Another possible factor: BlackRock’s CEO, Larry Fink, is well-known to be left-leaning among Wall Street denizens. He was a longtime supporter of Hillary Clinton in her political ambitions and was widely considered her choice for Treasury secretary if she had won the presidential election in November.
In any case, BlackRock is probably more worried about the fate of Greek or Italian bonds than the average German voter. By contrast, the FDP calls for dropping the pretense that these bailouts are saving Greece rather than the investors holding the bonds. Inside and outside of Germany, the FDP stance has a lot of supporters.
When the euro zone countries, including Germany, reached the latest €8.5-billion bailout deal for Greece in June, the Bloomberg editorial board condemned it as “unserious.”
“This protracted game of ‘extend and pretend’ serves nobody’s long-term interests,” the editorialists said, “not those of the Greek government, the International Monetary Fund or, most of all, the people of Greece.”
Despite his worries, Mr. Lück believes it is likelier Ms. Merkel will form a new grand coalition with the Social Democrats rather than take on the contentious FDP. This would give Berlin more flexibility in dealing with Europe, and especially with France under its new president, since the Social Democrats have already gone along with Ms. Merkel’s more moderate course.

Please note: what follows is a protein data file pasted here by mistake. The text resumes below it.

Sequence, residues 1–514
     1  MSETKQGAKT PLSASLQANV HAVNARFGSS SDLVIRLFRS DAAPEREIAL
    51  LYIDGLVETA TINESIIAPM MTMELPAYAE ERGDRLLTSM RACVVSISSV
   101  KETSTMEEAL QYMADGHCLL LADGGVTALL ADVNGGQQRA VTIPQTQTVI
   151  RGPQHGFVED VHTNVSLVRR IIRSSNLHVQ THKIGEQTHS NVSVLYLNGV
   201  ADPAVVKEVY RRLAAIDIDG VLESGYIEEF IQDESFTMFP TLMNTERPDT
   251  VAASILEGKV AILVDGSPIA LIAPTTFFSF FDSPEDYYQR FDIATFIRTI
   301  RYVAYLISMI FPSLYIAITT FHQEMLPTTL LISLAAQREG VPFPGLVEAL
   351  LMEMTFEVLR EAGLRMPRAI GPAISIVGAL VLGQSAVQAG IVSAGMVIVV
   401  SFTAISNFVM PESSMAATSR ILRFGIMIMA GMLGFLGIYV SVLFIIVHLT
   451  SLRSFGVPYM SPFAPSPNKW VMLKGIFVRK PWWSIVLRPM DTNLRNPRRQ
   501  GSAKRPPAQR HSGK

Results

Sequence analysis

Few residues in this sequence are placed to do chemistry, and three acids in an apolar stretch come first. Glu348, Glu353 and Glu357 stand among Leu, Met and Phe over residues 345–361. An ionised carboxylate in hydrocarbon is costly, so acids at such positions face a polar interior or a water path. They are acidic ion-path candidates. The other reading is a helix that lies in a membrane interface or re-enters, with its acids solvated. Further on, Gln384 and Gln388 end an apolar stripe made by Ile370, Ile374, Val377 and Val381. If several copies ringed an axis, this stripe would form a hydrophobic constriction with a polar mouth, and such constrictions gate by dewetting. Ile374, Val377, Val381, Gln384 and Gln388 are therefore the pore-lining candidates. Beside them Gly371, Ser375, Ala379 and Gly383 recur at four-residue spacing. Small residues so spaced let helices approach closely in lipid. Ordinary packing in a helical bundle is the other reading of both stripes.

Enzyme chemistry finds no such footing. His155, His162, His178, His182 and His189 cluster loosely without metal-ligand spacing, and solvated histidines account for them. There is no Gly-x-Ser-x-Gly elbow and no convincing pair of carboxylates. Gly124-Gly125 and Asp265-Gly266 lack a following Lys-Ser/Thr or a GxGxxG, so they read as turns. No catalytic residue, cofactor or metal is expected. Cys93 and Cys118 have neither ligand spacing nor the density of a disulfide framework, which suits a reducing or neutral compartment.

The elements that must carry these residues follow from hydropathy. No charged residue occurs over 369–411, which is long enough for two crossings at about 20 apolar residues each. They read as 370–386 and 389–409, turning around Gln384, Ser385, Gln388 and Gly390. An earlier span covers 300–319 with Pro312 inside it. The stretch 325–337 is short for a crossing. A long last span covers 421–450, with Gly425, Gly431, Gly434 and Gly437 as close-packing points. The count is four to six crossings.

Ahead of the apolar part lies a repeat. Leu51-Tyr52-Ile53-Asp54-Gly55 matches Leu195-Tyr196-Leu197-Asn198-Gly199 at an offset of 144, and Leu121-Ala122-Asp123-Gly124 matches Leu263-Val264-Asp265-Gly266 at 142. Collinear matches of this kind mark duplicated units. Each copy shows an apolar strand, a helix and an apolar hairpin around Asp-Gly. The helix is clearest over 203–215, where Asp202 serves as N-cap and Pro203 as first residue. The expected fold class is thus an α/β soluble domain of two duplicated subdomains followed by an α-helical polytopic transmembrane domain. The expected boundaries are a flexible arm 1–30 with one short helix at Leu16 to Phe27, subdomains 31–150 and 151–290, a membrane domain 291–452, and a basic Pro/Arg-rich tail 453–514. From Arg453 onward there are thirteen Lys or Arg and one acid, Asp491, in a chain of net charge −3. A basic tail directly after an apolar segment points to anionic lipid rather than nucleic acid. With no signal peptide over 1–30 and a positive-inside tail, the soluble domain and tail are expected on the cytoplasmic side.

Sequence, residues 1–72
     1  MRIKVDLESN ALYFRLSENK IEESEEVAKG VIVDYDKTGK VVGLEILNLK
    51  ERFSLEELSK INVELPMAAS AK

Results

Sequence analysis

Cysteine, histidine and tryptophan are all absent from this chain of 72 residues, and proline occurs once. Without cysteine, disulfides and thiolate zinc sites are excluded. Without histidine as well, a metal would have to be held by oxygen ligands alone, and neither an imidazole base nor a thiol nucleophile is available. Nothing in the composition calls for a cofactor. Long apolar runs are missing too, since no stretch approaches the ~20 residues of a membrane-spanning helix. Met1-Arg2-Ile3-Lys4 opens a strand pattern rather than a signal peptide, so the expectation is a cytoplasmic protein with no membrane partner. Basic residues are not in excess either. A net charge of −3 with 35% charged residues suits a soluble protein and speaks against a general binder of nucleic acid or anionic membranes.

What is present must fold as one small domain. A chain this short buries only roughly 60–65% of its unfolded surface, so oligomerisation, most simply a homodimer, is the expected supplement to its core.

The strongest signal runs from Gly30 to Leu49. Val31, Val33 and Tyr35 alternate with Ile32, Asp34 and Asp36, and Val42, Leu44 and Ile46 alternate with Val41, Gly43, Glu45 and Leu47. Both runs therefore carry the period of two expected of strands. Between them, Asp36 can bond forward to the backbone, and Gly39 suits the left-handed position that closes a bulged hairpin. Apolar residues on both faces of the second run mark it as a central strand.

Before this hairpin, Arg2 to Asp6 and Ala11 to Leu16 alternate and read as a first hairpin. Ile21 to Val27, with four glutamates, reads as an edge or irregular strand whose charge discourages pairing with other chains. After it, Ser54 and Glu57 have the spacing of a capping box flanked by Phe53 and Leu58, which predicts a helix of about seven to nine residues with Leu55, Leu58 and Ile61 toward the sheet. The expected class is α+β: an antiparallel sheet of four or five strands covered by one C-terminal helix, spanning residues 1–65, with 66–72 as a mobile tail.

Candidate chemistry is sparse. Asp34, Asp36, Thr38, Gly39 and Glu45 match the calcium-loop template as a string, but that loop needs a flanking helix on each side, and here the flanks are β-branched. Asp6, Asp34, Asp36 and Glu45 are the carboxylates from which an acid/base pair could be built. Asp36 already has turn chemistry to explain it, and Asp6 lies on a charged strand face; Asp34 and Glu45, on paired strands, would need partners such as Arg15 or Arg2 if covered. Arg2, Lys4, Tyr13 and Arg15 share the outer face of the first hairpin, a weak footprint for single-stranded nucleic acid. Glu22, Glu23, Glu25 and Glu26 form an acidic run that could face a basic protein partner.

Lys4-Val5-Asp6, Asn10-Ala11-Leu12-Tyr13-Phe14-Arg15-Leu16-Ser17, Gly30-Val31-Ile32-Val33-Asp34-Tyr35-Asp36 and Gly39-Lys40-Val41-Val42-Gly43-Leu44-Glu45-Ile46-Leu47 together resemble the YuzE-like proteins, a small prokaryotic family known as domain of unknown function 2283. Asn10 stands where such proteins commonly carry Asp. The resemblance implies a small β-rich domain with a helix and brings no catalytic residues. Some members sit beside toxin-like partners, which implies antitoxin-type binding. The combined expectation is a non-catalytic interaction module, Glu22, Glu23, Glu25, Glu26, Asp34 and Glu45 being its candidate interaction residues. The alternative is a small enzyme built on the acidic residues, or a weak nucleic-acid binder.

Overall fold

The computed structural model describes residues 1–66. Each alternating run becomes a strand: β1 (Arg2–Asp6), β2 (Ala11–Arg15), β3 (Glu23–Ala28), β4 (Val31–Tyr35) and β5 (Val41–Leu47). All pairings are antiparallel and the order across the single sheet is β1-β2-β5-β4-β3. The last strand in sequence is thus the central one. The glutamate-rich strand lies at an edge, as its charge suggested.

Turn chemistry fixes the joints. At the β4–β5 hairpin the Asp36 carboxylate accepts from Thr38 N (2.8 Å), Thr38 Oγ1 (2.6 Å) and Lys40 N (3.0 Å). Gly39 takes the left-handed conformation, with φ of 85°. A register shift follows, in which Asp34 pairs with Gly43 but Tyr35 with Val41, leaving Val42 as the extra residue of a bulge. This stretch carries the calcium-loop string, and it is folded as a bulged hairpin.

The FDP would need a strong showing in the election to present itself as a coalition partner, and would have to get a double-digit result to insist on its hardline stance regarding bailouts, Mr. Lück believes. Recent polling has the party steady between 8 and 9 percent, as the four smaller parties vie for third place behind the Christian Democrats, polling in a range 36 to 38 percent, and the Social Democrats, who have fallen below 25 percent. For a CDU-FDP coalition to come into effect, the two parties would need 50 percent of seats in the new parliament.
An FDP deputy in the European Parliament was quick to take BlackRock to task for interjecting itself into the German campaign. “That an American Wall Street giant publicly offers something like a recommendation for German parliamentary elections is a dangerous novelty in election year 2017,” Michael Theurer wrote in an op-ed for Handelsblatt.
Noting that BlackRock’s assets under management exceed the GDP of Germany, Mr. Theurer went on to denounce the growing power of financial firms, upending the traditional role of finance to serve the real economy. “The power relationship is turned upside down,” he wrote. “Business and industry should now serve Wall Street or the City of London. That is not acceptable.”
Dana Heide is a Handelsblatt reporter in Berlin. Darrell Delamaide is a writer and editor for Handelsblatt Global in Washington, DC. To contact the authors: email@example.com and firstname.lastname@example.org